Just Mercy: Movie review

Amid all the George Floyd protests, Warner Bros, the publisher of the movie Just Mercy, has made it free (you can easily watch it for free in 4K on YouTube). Just Mercy is an all too familiar and relevant story. It tells of the injustices that plague the black community from the police and the judicial system, which work hand in hand. Aside from this movie, Netflix’s “The Innocence Files” and “When They See Us” (Central Park Five) also resonate with the evil that has happened and still goes on to this day.

Plot: *WARNING: Spoilers (duh)*

Based on a true story, it details on George McMillan and his lawyer, Bryan Stevenson. George McMillan had been wrongfully arrested, convicted of murder, and sentenced to death. Worse yet, the jury was hand picked to not contain any black jurors, and decided on life imprisonment, not a death penalty. The Alabama Court of Criminal Appeals turned down four of his appeals, and it wasn’t until 6 years later in 1993 that they finally reversed the ruling made by the lower court that had convicted McMillan, thanks to Stevenson and Eva Ansley’s Equal Justice Initiative (which back then was conceptually the Innocence Project)

The trial itself is all too familiar as well. There was no evidence, and the conviction was entirely based on perjury and coercion by the police. Their only “witness” was a convicted felon who had been threatened with death row. Insult to injury, the people who could provide solid alibis for McMillan were never considered into the trial, and much evidence/factors that would’ve been in McMillan’s favor were disregarded in full. The trial lasted less than two days. It makes my skin crawl knowing that there are at least 100,000 innocent people in prison, some of which who have already died or given up.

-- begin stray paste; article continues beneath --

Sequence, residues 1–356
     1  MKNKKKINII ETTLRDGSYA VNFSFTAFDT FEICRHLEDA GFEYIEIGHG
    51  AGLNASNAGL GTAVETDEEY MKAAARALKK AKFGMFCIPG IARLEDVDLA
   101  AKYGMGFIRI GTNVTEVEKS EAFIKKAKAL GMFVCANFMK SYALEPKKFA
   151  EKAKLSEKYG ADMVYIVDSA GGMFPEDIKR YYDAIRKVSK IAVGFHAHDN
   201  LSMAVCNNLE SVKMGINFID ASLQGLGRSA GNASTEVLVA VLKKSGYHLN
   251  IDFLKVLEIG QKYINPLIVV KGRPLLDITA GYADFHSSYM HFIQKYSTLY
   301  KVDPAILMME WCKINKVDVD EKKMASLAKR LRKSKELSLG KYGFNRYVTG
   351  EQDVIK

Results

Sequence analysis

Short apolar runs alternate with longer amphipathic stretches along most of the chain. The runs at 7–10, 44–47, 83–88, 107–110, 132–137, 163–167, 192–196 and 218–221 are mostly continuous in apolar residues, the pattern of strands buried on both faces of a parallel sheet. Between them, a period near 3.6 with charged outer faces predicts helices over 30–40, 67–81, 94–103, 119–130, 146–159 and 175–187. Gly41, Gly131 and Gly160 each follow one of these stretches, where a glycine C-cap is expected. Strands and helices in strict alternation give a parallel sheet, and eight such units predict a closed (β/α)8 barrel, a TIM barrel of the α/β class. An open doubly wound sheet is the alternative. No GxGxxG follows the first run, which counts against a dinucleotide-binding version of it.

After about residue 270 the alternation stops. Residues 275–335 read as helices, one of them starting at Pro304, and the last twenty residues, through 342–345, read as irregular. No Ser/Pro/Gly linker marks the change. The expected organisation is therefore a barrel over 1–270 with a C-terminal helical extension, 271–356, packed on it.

The most sad event in the movie was the death of Herbert Richardson. He was a Vietnam war veteran with mental health issues and PTSD. He made a bomb that mistakenly killed a girl. He gets executed 11 years later via the electric chair. Richardson would’ve been fine had he received timely and proper legal assistance, especially during his trial (in which his mental health is not even talked about; nor his service to the country). Other than that, it’s disgusting to know that if he was white, he would have not been misinterpreted in court and would’ve got proper care; lest not get a death penalty.

My evaluation:

The movie gets a 10/10 for me. It manages to have side plot elements (like seeing one of the police officers grow a conscience, and Richardson) that don’t draw attention away from the primary plot involving McMillan and his lawyer. They also start it with a surprising bang. McMillan is just doing his everyday routine, when he randomly gets stopped by a squadron of police, all of whom already decided McMillan was guilty before a trial even started. Though McMillan ultimately becomes a free man at the end of a movie, it is a very bittersweet ending. He and his family get no compensation whatsoever, and all the guilty parties are never held accountable. Thomas Tate, the sheriff in the movie, has “peacefully” retired just several years ago. Just Mercy is sure to bring awareness to the lack of accountability that police and the justice system have when they make egregious mistakes, even decades later.